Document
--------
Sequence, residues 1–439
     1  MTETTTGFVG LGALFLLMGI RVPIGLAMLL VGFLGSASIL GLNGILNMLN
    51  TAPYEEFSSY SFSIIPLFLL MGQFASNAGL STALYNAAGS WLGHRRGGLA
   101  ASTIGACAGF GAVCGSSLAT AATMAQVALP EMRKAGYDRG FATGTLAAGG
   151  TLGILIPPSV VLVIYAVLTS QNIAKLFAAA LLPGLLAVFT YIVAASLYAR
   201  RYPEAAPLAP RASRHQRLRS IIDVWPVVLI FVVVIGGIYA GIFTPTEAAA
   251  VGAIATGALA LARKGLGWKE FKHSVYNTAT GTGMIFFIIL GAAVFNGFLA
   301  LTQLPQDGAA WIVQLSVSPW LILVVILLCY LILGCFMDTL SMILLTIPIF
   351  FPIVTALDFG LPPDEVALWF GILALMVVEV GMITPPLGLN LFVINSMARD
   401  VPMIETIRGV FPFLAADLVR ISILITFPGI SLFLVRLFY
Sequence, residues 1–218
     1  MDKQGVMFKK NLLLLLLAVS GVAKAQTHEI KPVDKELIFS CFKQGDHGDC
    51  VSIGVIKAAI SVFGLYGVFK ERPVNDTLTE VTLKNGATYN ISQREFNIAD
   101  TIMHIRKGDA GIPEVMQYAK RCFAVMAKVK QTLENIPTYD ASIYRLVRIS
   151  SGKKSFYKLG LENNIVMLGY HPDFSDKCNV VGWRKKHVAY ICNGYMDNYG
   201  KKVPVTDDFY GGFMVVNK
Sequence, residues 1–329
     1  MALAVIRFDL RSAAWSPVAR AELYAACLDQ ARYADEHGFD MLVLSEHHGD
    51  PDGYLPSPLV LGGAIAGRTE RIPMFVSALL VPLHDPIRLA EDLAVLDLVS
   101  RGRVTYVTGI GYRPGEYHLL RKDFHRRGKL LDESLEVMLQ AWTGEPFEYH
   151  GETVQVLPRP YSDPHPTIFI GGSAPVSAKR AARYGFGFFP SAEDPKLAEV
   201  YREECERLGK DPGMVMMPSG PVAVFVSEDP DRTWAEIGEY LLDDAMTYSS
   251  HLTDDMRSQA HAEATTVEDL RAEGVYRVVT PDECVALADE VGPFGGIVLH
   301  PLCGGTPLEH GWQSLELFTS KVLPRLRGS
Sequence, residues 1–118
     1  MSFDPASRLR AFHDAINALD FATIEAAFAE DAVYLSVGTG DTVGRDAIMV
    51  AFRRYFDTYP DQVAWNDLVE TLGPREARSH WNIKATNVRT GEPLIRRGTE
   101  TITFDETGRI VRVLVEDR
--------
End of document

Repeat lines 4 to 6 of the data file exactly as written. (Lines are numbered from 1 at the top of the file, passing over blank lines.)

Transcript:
   101  ASTIGACAGF GAVCGSSLAT AATMAQVALP EMRKAGYDRG FATGTLAAGG
   151  TLGILIPPSV VLVIYAVLTS QNIAKLFAAA LLPGLLAVFT YIVAASLYAR
   201  RYPEAAPLAP RASRHQRLRS IIDVWPVVLI FVVVIGGIYA GIFTPTEAAA